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A Steady State Three-Dimensional Model for a Pemfc System to Simulate Water Transport and Performance Characteristics

Arun Pandy1, Arvind Raghunathan1, Nikunj Gupta2, and Andrew Haug3. (1) Systems Department, United Technologies Research Center, 411 Silver Lane, MS 129-15, East Hartford, CT 06108, (2) Fuel Cell Program office, United Technologies Research Center, 411 Silver Lane, MS 129-15, East Hartford, CT 06108, (3) UTC Power, 195 Governor's Hwy, South Windsor, CT 06074

The automotive industry is rapidly moving towards development and commercialization of PEM fuel cells. PEM fuel cells promise to be an attractive alternative for the internal combustion engine in automotive applications for they are cleaner and more fuel-efficient. More importantly, automotive fuel cells enable the goals of reduced-dependence-on-oil and transition to a hydrogen economy. In order to successfully design PEM fuel cell systems for these applications we need to develop a thorough understanding of various phenomena that occur during the operation of these systems. Mathematical modeling can be used to better understand these systems and help us design these systems.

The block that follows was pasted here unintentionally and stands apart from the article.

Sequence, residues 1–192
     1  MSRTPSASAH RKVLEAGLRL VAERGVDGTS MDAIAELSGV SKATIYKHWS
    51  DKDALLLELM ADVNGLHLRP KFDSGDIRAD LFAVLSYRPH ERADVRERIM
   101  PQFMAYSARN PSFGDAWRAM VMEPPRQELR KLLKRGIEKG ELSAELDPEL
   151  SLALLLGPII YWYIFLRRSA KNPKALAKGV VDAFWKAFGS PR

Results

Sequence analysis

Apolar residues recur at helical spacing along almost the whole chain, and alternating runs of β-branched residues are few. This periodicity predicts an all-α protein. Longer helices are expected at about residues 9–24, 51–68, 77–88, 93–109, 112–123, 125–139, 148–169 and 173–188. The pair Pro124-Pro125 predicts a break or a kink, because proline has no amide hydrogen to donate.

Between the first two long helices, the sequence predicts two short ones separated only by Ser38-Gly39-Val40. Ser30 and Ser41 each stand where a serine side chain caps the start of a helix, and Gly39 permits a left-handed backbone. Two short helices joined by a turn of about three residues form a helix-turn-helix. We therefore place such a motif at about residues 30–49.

In this work, we present a steady state three-dimensional model architecture that solves for the performance and water movement within a solid plate PEMFC stack. The model captures water movement through layers within the membrane-electrode assembly (MEA), pore-flooding within the unitized electrode assembly (UEA), two-phase flow in the flow channels, heat transport, gas transport, along with detailed electrochemistry. This model architecture allows the capability to simulate both single cell and stack systems and capture effects both within and outside active area. Through simulations of this model we studied the effect of different operating conditions relative humidity, temperature, and pressure of the gases and system parameters membrane thickness, gas channel design, etc. on water management and steady state performance of the fuel cell. A significant result from these simulations is the prediction of dry out under certain operating conditions, which can be alleviated by using a porous plate flowfield system. Other results from these simulations will also be presented and discussed.